New Books at the Heyman Center: a podcast featuring audio from events at Columbia University, and interviews with the speakers and authors. An anonymous book appeared in Venice in 1547 titled L'Alcorano di Macometto, and, according to the title page, it contained "the doctrine, life, customs, and laws [of Mohammed] . . . newly translated from Arabic into the Italian language." Were this true, L'Alcorano di Macometto would have been the first printed direct translation of the Qur'an in a European vernacular language. The truth, however, was otherwise. As soon became clear, the Qur'anic sections of the book—about half the volume—were in fact translations of a twelfth-century Latin translation that had appeared in print in Basel in 1543. The other half included commentary that balanced anti-Islamic rhetoric with new interpretations of Muhammad's life and political role in pre-Islamic Arabia. Despite having been discredited almost immediately, the Alcorano was affordable, accessible, and widely distributed. In The Venetian Qur'an, Pier Mattia Tommasino uncovers the volume's mysterious origins, its previously unidentified author, and its broad, lasting influence.

21 MINAUG 8
Comments
Pier Mattia Tommasino's The Venetian Qur'an: A Renaissance Companion to Islam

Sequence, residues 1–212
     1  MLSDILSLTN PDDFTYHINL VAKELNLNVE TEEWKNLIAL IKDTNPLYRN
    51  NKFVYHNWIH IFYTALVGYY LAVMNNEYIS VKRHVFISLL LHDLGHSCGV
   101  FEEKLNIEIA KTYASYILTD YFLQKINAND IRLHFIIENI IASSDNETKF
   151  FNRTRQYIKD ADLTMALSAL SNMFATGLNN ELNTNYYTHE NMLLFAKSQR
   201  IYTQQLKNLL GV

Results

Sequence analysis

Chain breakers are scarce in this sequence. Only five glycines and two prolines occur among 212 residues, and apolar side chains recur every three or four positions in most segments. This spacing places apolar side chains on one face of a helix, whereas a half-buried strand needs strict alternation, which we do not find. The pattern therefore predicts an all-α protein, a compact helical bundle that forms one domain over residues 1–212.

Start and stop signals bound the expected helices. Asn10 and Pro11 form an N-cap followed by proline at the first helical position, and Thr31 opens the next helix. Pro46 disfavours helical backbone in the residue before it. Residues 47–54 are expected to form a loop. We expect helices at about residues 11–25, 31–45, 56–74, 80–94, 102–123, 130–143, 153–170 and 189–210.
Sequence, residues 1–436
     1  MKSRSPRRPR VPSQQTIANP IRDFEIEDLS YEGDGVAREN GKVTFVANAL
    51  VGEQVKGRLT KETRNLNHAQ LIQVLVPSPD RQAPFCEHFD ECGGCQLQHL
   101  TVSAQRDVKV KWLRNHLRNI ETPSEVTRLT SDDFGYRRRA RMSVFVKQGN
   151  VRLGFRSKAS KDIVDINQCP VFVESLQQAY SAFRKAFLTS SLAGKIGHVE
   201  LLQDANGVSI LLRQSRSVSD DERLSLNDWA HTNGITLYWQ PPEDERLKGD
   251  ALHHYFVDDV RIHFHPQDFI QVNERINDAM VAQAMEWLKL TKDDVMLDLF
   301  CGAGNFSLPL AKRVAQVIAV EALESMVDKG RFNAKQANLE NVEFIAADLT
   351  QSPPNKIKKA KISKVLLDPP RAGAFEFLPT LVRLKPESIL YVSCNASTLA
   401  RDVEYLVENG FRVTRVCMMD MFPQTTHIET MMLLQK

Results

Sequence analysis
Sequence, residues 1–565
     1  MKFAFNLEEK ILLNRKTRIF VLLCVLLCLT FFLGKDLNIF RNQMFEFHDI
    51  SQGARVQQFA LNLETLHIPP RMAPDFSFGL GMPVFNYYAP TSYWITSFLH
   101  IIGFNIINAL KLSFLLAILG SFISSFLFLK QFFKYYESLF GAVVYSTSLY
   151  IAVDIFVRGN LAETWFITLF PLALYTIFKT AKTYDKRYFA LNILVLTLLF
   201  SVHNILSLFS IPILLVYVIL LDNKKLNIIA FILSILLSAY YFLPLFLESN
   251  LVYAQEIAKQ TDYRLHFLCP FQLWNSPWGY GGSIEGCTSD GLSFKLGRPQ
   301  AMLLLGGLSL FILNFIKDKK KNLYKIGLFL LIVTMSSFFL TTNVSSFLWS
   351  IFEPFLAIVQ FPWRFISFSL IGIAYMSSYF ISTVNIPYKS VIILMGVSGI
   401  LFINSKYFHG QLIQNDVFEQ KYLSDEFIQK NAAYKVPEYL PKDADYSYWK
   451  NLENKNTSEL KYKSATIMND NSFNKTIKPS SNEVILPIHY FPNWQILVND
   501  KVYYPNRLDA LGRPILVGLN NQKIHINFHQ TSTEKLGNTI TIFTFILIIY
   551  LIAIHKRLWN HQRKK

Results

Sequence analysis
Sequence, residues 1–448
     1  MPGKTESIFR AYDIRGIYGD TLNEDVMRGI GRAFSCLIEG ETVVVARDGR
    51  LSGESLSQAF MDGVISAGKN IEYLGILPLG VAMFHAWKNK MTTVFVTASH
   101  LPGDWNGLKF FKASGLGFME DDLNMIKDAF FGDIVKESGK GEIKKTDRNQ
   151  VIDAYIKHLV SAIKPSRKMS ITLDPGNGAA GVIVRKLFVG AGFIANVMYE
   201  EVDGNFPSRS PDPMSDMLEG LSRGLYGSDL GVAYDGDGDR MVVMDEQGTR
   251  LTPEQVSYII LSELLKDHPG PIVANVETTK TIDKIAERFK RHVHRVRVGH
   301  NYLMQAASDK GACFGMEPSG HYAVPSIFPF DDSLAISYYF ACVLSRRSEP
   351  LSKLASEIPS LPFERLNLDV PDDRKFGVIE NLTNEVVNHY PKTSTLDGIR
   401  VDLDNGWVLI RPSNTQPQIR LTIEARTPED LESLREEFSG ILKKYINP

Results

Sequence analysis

Konstantina Zanou's Transnational Patriotism in the Mediterranean, 1800-1850

New Books at the Heyman Center: a podcast featuring audio from events at Columbia University, and interviews with the speakers and authors. Transnational Patriotism in the Mediterranean investigates the long process of transition from a world of empires to a world of nation-states by narrating the biographies of a group of people who were born within empires but came of age surrounded by the emerging vocabulary of nationalism, much of which they themselves created. It is the story of a generation of intellectuals and political thinkers from the Ionian Islands who experienced the collapse of the Republic of Venice and the dissolution of the common cultural and political space of the Adriatic, and who contributed to the creation of Italian and Greek nationalisms. By uncovering this forgotten intellectual universe, Transnational Patriotism in the Mediterranean retrieves a world characterized by multiple cultural, intellectual, and political affiliations that have since been buried by the conventional narrative of the formation of nation-states.